2021 - May - Latest news!

Kia ora Whanau,

Earlier this year we posted a link to some information about wetlands on this site (https://www.te-ripo-o-hinemata-wetland.org/2021-january.php) .  

Further to that, these two posters here talk about why rohe kōreporepo/kūkūwai (wetlands) are so important locally and nationally.  Kūkūwai/wetlands are important for our rerenga rauropi (biodiversity), for our drought and flood protection and also for fighting climate change..."Wetland restoration is one of the most sustainable, cost-effective, and ecologically sound solutions to climate change" [Annabeth Cohen - Freshwater Advocate].

The work that our whānau are doing by creating and supporting these wetlands for over a quarter of a century now is essential work to ensure we have a vibrant and healthy te taiao.  

In fact, kūkūwai/wetlands are:
amazingly biodiverse natural habitats
a natural defence against flood and drought
our secret weapon in the fight against climate change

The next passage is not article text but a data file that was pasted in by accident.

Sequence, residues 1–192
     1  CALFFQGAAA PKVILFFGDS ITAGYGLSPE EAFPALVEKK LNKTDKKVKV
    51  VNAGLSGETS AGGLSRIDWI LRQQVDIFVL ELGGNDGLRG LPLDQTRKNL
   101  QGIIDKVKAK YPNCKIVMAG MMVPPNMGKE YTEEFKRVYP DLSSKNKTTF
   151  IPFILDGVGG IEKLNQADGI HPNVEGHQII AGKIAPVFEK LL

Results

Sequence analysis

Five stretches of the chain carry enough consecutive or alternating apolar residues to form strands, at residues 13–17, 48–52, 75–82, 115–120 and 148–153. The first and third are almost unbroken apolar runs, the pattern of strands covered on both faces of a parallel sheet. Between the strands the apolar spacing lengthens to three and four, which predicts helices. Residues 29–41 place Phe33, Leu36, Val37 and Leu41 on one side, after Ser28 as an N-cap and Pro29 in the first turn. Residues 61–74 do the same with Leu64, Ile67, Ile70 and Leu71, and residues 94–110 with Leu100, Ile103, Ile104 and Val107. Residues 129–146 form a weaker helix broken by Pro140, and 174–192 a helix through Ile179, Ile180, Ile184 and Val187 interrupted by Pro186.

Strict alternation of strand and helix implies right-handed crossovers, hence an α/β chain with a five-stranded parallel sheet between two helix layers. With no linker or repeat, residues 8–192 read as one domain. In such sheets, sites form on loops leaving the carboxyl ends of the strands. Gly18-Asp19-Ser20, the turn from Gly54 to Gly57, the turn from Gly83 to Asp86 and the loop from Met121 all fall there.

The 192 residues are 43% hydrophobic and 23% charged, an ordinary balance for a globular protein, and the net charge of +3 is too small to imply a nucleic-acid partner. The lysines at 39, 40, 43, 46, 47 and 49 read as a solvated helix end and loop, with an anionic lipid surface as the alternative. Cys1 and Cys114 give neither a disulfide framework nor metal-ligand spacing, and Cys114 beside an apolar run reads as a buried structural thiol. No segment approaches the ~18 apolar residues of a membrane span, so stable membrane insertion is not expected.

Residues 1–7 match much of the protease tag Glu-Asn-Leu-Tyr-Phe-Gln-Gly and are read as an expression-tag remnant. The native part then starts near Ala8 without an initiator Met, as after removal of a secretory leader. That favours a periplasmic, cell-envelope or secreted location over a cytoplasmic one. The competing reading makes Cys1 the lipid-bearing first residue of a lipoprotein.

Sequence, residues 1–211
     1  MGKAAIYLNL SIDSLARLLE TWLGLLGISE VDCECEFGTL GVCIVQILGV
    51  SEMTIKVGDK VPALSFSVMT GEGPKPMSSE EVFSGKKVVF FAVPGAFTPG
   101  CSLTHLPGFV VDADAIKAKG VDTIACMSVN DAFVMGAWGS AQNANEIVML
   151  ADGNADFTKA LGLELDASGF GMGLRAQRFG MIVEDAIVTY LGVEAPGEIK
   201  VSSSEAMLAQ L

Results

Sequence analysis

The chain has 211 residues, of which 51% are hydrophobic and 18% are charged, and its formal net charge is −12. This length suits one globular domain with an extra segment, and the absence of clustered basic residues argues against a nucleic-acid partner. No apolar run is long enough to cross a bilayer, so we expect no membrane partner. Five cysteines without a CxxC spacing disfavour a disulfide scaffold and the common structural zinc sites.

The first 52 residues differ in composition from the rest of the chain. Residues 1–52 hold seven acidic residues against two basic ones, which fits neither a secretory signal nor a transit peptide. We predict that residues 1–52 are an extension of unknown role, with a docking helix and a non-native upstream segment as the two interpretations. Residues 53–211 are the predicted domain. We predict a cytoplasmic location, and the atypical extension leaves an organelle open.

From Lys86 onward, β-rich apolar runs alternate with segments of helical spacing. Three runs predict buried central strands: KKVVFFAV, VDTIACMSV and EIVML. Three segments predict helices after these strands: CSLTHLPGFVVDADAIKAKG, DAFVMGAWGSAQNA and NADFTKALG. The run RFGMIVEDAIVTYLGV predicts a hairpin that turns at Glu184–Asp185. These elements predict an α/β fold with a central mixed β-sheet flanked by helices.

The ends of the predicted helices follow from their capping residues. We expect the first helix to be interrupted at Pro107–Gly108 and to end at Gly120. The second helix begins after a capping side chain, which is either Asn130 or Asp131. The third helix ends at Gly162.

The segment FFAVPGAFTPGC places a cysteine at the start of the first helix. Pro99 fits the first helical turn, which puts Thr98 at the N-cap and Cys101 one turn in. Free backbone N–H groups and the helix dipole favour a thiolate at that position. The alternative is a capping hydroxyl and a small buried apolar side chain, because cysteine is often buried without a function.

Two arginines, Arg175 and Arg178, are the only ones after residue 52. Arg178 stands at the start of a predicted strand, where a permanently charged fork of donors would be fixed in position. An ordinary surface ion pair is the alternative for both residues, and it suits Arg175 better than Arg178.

and the only home for many of our threatened native species
(ref:  www.forestandbird.org.nz)

I have personally seen matuku hūrepo (Australasian bittern) in our wetlands, and this was also confirmed in a DOC survey on our whenua.  These beautiful manu (see the attached poster/pic of a bittern) are actually classfied as 'critical' with an estimated fewer than 1,000 left in Aotearoa!  
Similarly for our mudfish, who live in our kūkūwai/wetlands, and are rarer than little spotted kiwi!  We're blessed to have these, and our work is supporting the wetlands restoration, after more than 90% of all of Aotearoa's original wetlands have been drained, degraded or destroyed!  We plan to do another planting in our wetlands later this year, and can possibly have a chance to see and/or hear a matuku hūrepo/bittern in our wetlands!

Enjoy reading these posters.

Mauri ora, nā

Here are some online resources to help if you want to create a Wetland